Get the Magazine
Contact Us

powered by FreeFind
Current Issue Web Exclusives Get the Magazine Issue Archives Advertisers
Feature Articles
Editor's Note
Audubon View
Field Notes
True Nature
Earth Almanac
Green Guru
Audubon Living
One Picture

Concert Review
Live Earth at Giants Stadium
A worldwide concert event raises awareness about global warming.

“SOS” flashed across a set of video screens in New Jersey’s Giants Stadium: a fitting slogan for Live Earth, the 24-hour, eight-city, global concert event held on July seventh, intended to sound the alarm on global warming and galvanize people into making changes in their daily lives. At Giants Stadium, sixteen musical guests took to the stage for eight hours, and keynote speakers appeared between sets. Perhaps most notable among them was Al Gore, who met with applause as he urged audience members to sign his 7-Point Pledge (see below), declaring, “Times like these demand action!”

The roster of artists included several musicians who have taken personal strides to protect the environment. Sting (performing with the reunited band, Police) founded the Rainforest Foundation with his wife, Trudie Styler. The Dave Matthews Band has its own Ben and Jerry’s ice cream flavor, “One Sweet Whirled;” money from ice cream sales goes to fight global warming. John Mayer tours in a bus powered by biodiesel fuel, and the band AFI consists of longtime vegetarians and vegans, who claim that “small changes make a difference.”

During their time on stage, some artists incorporated the concert’s environmental theme into their performances. Melissa Etheridge, who won an Oscar for her song “I Need to Wake Up,” from Al Gore’s “An Inconvenient Truth,” ended her set with a rousing speech in support of the politician and environmental activist. Alicia Keyes sat at the piano for a passionate rendering of Marvin Gaye’s “Mercy Mercy Me (The Ecology).”

Other performers concentrated more on entertaining the crowd, such as Bon Jovi, whose mix of old and new hits had concertgoers singing along.  But even when artists refrained from making direct statements about global warming, guest speakers ranging from Leonardo DiCaprio to Jane Goodall gave relevant speeches to keep the environmental theme at the forefront. 

To further promote climate change awareness, Live Earth’s organizers encouraged attendees to use public transportation or carpool.  Upon arrival, concertgoers were greeted by sculptures made of recycled cans and water bottles. Merchandise stands sold the Global Warming Survival Handbook and organically made Live Earth T-shirts.  The concert program—made of recycled paper—included environmental tips such as: “Lower the CO2 emissions of everything you plug in by up to 50% by buying the most efficient appliances available.”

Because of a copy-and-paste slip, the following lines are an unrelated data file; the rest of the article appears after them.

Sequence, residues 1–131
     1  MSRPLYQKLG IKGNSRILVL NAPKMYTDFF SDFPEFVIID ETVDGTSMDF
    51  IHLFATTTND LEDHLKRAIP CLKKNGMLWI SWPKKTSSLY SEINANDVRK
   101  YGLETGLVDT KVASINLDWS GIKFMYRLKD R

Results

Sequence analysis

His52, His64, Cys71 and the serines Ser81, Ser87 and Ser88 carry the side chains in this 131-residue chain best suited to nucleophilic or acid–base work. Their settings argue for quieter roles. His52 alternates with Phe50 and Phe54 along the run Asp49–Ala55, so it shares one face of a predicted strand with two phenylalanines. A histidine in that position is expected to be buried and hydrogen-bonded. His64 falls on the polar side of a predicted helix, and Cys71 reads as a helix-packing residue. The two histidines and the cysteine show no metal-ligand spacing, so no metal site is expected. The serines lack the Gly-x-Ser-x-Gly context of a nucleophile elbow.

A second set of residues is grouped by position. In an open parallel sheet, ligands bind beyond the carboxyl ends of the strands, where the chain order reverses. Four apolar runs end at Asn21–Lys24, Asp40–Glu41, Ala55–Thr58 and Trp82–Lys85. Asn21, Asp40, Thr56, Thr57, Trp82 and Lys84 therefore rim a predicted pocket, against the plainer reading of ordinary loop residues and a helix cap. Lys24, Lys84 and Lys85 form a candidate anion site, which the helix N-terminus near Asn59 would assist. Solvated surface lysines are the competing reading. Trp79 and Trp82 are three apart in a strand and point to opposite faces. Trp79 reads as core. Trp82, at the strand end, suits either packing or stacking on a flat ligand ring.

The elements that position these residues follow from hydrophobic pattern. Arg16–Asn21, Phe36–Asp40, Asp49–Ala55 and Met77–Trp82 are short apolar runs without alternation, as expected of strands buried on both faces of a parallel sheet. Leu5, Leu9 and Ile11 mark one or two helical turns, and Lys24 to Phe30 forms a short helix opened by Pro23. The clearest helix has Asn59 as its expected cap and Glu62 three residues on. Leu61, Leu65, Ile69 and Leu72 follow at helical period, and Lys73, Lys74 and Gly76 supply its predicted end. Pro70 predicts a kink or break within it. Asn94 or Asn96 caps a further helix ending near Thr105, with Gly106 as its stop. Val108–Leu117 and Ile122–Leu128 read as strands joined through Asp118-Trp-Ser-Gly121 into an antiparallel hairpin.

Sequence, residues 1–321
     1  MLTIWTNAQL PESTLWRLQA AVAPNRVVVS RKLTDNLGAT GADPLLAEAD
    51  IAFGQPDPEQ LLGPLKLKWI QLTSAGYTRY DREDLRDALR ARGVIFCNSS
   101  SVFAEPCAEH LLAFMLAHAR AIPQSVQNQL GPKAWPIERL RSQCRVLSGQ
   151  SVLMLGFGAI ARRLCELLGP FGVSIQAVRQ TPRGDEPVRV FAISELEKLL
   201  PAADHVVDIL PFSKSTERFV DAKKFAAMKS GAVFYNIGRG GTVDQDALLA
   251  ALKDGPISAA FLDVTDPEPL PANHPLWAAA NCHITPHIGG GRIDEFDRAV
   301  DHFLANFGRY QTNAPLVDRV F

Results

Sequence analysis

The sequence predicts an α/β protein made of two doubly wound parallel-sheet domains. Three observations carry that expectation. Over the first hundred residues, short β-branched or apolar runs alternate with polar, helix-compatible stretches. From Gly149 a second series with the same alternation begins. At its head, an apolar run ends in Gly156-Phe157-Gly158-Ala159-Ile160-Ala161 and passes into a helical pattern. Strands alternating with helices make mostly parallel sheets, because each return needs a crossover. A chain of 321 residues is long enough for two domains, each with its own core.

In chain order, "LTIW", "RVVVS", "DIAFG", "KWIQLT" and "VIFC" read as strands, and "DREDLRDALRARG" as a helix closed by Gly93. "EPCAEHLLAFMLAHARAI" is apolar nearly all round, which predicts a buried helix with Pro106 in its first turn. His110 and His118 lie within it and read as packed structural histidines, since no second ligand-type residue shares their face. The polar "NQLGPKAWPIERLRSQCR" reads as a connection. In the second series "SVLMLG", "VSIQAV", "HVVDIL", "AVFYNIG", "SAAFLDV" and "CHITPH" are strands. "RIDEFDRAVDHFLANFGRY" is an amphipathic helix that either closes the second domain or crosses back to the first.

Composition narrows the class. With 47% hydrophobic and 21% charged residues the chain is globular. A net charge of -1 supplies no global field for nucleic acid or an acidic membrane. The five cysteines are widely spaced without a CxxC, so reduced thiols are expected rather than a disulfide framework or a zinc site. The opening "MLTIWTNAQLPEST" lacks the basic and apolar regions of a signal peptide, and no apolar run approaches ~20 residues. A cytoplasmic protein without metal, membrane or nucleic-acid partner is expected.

Although concession stand fare consisted of the usual hamburgers, hot dogs, and soda, the stadium did provide EcoLogo-certified napkins, and three bins marked RECYCLED, COMPOST, and OTHER WASTE, were set aside for proper trash disposal and monitored by volunteers.

At one point during the show, a few feet from the merchandise stand, John Seymour of Boise, Idaho enjoyed an impromptu set by Chris Barron, a member of the band Spin Doctors.  Seymour said he was drawn to Live Earth “by the largeness of it, the scope,” adding that “Being part of [the Giants Stadium event] means being part of the whole thing”—a good reminder that when it comes to solving our climate crisis, we’re all in this together.


Al Gore’s 7-Point Pledge

I pledge:

1. To demand that my country join an international treaty within the next two years that cuts global warming pollution by 90 percent in developed countries and by more than half worldwide in time for the next generation to inherit a healthy earth;

2. To take personal action to help solve the climate crises by reducing my own CO2 pollution as much as I can and offsetting the rest to become "carbon neutral";

3. To fight for a moratorium on the construction of any new generating facility that burns coal without the capacity to safely trap and store the CO2;

4. To work for a dramatic increase in the energy efficiency of my home, workplace, school, place of worship, and means of transportation;

5. To fight for laws and policies that expand the use of renewable energy sources and reduce dependence on oil and coal;

6. To plant new trees and to join with others in preserving and protecting forests; and,

7. To buy from businesses and support leaders who share my commitment to solving the climate crises and building a sustainable, just and prosperous world for the 21st century. 

Back to Top

Back to Web Exclusives

Read related story, "Leading the Charge"

Change of Address | Jobs at Audubon Magazine | Media Kit
Get the Magazine | |
Contact Us